Originally created 04/28/97

Technology and police

Technology may soon lay to rest the most terrifying aspect of public schools these days: Firearm-toting students.

Several schools in our area have hired more guards and use metal detectors to beef up security for teachers and students, yet ugly incidents still do occur.

The technology now under development, however, holds out promise of making it impossible for a student or anyone else to bring a gun where firearms don't belong.

There are two devices in the making, both partly financed by the Department of Justice. One, relying on electro-magnetic waves emitted by the human body, lets security personnel detect metal or plastic weapons with a hand-held camera. The other uses magnetic sensors linked to a computer database to identify specific weapons.

Both weapon detectors are far more sensitive, versatile and efficient than existing metal detectors. At one prison where they were tested, reports The Chicago Tribune, they were so effective that outsiders gave up trying to smuggle in contraband.

Keeping firearms out of schools, of course, is only one of the uses to which these remarkable devices can be put. They'll also make airport passenger checks simpler and quicker - a real mercy for weary travelers.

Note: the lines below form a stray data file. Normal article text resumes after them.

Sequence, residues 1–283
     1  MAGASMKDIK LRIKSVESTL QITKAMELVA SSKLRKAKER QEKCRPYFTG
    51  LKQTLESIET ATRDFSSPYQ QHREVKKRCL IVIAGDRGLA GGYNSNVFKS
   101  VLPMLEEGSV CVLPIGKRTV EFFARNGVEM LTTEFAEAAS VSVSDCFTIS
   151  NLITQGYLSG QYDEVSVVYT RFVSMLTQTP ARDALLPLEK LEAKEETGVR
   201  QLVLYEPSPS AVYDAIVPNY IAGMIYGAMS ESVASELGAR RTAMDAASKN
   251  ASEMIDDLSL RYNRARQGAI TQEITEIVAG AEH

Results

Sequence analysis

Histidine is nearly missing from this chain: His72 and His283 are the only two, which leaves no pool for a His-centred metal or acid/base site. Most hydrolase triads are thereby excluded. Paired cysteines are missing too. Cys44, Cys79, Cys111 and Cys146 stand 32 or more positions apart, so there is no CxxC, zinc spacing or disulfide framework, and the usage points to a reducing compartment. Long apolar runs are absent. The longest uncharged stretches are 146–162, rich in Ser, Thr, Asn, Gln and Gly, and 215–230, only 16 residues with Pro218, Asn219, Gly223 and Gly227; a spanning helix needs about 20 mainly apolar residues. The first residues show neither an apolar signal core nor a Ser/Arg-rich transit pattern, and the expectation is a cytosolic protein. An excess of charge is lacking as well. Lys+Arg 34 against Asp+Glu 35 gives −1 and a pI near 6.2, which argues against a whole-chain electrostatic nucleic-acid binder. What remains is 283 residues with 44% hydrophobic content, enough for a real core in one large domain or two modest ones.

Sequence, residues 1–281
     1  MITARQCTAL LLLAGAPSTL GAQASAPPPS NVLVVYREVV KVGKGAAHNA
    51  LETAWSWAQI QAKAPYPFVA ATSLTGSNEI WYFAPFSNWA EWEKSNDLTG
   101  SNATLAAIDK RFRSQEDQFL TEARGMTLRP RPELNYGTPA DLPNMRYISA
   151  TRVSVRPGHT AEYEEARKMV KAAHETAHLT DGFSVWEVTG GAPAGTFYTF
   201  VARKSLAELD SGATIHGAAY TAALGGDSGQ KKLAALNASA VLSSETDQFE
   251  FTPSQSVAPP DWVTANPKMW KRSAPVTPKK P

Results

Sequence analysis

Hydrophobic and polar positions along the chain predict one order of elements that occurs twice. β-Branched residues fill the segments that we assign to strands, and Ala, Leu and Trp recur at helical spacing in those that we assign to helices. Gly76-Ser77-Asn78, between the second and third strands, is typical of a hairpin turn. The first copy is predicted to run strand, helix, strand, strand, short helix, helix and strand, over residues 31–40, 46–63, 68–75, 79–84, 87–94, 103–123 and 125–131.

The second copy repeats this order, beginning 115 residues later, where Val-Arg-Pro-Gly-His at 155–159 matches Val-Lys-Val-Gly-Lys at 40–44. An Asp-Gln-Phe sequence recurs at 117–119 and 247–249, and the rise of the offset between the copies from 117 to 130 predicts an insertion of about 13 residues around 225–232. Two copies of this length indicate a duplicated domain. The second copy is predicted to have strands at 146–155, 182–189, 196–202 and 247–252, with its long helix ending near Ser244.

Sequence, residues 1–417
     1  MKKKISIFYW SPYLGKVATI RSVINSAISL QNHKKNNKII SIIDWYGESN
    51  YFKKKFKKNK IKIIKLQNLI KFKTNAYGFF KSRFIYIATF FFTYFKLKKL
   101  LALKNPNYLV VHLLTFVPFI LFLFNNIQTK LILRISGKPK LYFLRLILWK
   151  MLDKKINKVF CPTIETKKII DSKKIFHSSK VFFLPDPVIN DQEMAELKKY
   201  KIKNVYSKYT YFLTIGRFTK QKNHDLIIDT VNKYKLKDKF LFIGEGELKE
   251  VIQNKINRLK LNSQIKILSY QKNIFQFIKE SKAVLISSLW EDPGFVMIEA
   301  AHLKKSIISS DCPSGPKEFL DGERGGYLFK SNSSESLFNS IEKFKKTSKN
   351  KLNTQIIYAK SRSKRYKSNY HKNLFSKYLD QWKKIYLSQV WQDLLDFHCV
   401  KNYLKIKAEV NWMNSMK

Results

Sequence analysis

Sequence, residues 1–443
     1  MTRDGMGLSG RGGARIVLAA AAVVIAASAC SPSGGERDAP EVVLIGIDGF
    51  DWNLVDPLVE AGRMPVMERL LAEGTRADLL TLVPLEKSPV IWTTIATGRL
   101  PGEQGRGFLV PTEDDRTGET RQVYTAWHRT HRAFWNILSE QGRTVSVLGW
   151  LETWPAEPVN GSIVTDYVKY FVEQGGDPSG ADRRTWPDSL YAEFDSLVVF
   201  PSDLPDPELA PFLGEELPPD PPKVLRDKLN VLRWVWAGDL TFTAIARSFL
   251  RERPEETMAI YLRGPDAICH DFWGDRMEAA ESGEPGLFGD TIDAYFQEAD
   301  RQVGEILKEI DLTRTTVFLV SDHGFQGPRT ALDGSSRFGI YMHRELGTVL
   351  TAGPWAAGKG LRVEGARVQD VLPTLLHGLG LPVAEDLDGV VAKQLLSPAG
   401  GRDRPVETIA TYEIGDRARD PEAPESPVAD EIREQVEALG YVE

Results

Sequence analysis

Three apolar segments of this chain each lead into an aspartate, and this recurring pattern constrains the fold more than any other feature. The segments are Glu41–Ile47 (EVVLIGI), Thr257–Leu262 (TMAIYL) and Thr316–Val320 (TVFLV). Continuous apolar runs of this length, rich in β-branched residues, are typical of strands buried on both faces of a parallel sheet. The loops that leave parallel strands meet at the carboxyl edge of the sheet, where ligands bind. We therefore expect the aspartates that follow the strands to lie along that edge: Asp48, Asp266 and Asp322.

Recall the recent U.S. Supreme Court decision allowing police to order passengers, as well as drivers, out of cars at traffic arrests? The ruling outraged civil libertarians and others concerned about personal privacy rights. The new devices will render that controversy mute. They'll enable a "search" of the stopped vehicle for weapons before the officers get out of their squad car.

Similar distance searches could take place in other high-risk situations, including "frisking" people who behave suspiciously in public places. These sophisticated crime-fighting technologies, which are expected to be in the hands of police within four years, will herald a new era in un-intrusive law-enforcement.


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